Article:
I began my career in the field of computer science in Romania by obtaining my B.Sc. in that specialty. I also became a partner in a software development company. I ultimately pursued and obtained a PhD in computer science at Duke University. While pursuing my doctoral degree at Duke University I supplemented my education, out of personal interest, with a significant number of undergraduate and graduate courses in psychology, an area I had not been exposed to in my country of origin. Towards the end of my doctoral degree in computer science, I realized I was truly passionate about clinical psychology and wanted to pursue that as a career.
Consequently I am now pursuing a PhD degree in clinical psychology at University of Washington’s having Dr. Marsha Linehan as an academic adviser.
As a result of this sometimes nonlinear path, I see myself as being in the fortunate position of having knowledge in two different fields and languages that have been apart until relatively recently: clinical psychology and computer science. I believe these are very interesting times for both.
Within psychology, advances in treatment development research have resulted in the creation of many treatments that effectively target a variety of mental health problems. However, this hasn’t resulted in individuals with behavioral problems actually receiving these treatments. Limited resources and training opportunities often make many of the effective treatments unreachable. The field of computer science, on the other hand, is undergoing tremendous change and exciting advancements. State of the art technology (such as mobile smart phones, portable laptops or tablets) makes it easy to perform previously tedious or difficult tasks (such as documenting procedures), connect people, as well as transfer information and knowledge.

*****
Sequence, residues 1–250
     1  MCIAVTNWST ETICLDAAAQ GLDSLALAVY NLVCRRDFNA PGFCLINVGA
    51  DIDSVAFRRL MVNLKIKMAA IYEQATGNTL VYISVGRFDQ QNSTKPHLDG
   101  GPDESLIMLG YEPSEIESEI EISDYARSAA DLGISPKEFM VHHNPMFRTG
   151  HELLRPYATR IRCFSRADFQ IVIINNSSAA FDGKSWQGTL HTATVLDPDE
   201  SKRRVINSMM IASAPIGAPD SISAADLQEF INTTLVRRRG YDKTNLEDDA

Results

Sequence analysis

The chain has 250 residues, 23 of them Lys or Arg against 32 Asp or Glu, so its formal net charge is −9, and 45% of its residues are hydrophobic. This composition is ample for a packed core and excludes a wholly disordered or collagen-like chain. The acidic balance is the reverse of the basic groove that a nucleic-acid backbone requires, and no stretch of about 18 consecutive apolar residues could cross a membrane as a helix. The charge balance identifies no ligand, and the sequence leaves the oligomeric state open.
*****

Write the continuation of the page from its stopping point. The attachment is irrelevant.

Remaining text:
This technological advancement can be transformed into an extraordinary opportunity for the field of mental health by converting existing effective treatments into a format that can be disseminated through technology to a scale that was hard to imagine a few decades ago.
In my current research in clinical psychology I am interested in developing and evaluating persuasive technology applications for the area of mental health treatments and trainings, particularly in the area of Dialectical Behavior Therapy. In terms of treatments I am particularly interested in helping clients acquire, practice and generalize behavioral skills for managing challenging situations effectively.